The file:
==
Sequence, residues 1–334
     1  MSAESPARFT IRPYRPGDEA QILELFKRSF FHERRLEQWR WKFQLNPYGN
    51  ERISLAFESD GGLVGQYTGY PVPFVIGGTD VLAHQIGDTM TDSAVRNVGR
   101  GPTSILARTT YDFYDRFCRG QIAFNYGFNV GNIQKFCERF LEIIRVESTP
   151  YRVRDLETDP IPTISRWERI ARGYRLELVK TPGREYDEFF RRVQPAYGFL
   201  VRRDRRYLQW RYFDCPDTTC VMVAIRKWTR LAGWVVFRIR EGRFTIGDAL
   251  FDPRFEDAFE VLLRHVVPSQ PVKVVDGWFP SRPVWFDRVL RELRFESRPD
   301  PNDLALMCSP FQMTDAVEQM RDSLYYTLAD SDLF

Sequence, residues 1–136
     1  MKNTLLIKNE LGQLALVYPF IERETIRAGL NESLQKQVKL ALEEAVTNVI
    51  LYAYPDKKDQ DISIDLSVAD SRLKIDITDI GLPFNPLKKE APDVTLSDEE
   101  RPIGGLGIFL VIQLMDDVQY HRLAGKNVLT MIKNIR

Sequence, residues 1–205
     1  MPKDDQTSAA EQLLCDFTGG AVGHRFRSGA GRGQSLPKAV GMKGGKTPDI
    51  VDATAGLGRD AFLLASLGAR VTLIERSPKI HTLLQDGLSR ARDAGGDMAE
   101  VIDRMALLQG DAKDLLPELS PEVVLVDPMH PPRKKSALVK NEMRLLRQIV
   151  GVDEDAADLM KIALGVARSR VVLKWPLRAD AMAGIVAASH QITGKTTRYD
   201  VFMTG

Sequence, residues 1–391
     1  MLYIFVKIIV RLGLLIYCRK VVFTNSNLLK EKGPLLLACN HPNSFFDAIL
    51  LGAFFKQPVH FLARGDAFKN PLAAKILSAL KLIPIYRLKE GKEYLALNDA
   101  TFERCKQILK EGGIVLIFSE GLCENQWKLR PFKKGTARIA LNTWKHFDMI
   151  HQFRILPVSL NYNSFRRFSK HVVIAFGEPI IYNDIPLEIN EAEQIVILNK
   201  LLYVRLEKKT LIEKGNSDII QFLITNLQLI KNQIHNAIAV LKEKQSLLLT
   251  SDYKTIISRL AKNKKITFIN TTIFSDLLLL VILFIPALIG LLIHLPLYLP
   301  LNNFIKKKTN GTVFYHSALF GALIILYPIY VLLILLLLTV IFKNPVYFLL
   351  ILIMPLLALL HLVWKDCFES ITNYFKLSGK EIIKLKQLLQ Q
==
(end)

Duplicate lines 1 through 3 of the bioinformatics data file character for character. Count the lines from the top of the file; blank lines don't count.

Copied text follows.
Sequence, residues 1–334
     1  MSAESPARFT IRPYRPGDEA QILELFKRSF FHERRLEQWR WKFQLNPYGN
    51  ERISLAFESD GGLVGQYTGY PVPFVIGGTD VLAHQIGDTM TDSAVRNVGR